Works of reconciliation don’t necessarily stir the emotions and none of the workshops I’ve attended or training materials I’ve read seem to correlate the two. But as my friend and colleague, Dante Upshaw, is a huge advocate for Emotionally Healthy Church and Spirituality, recently approached me about the possibility about working on a project tying the two together, I picked up Scazzero’s books again and began reading. Then I came across this passage in his book, Emotionally Healthy Spirituality:
One very helpful way to clarify this process of growing in our faithfulness to our true selves in a new way is through the use of a new term: differentiation. Developed by Murray Bowen, the founder of modern family systems theory, it refers to a person’s capacity to “define his or her own life’s goals and values apart from the pressures of those around them..”” The key emphasis of differentiation is on the ability to think clearly and carefully as another means, besides our feelings, of knowing ourselves. Differentiation involves the ability to hold on to who you are and who you are not. The degree to which you are able to affirm your distinct values and goals apart from the pressures around you (separateness) while remaining close to people important to you (togetherness) helps determine your level of differentiation. People with a high level of differentiation have their own beliefs, convictions, directions, goals, and values apart from the pressures around them. They can choose, before God, how they want to be without being controlled by the approval or disapproval of others. Intensity of feelings, high stress, or the anxiety of others around them does not overwhelm their capacity to think intelligently. I may not agree with you or you with me. Yet I can remain in relationship with you. I don’t have to detach from you, reject you, avoid you, or criticize you to validate myself.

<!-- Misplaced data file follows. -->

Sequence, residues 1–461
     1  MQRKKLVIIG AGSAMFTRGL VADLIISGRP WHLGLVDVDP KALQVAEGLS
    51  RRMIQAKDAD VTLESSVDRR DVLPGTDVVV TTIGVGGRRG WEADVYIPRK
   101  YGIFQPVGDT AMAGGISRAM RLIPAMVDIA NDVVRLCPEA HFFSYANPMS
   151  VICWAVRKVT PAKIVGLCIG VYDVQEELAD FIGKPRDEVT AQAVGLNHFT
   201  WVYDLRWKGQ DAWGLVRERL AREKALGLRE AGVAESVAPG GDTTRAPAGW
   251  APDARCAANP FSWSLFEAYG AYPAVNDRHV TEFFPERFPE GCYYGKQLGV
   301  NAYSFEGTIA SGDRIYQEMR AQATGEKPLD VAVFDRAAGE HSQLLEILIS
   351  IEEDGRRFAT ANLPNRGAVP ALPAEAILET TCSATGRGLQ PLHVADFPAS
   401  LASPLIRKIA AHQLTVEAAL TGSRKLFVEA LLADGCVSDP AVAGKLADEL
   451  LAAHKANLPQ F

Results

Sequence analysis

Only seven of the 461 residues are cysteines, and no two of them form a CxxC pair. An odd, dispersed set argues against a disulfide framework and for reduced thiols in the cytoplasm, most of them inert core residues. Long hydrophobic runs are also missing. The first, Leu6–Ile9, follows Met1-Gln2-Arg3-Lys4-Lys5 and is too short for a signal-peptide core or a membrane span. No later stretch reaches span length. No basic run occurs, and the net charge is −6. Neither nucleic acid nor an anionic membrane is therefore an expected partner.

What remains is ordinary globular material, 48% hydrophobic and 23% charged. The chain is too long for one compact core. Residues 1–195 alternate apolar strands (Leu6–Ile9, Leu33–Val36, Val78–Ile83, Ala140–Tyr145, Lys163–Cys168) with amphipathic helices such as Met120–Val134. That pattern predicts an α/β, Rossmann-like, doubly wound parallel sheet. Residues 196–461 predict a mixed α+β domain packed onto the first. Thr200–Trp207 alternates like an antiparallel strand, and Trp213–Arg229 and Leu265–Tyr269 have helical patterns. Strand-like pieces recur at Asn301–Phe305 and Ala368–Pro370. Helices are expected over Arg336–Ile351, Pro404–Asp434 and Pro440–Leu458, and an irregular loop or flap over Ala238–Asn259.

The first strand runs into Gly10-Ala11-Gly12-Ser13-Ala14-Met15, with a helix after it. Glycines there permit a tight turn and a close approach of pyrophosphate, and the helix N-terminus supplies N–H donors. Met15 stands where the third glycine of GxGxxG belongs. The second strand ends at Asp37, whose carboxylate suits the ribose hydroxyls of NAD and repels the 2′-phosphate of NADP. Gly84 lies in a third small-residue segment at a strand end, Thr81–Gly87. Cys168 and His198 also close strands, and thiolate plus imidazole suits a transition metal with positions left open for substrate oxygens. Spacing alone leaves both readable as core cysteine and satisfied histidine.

MR Peter Scazzero. Emotionally Healthy Spirituality: Unleash A Revolution In Your Life in Christ (Kindle Locations 850-858). Kindle Edition.
In a multi-ethnic context and a diverse society, this notion of differentiation is an important pushback to assimilation and the colorblindness that is promoted by many. This is the connection that keeps the tension between mono-ethnic and multi-ethnic churches vibrant and generative.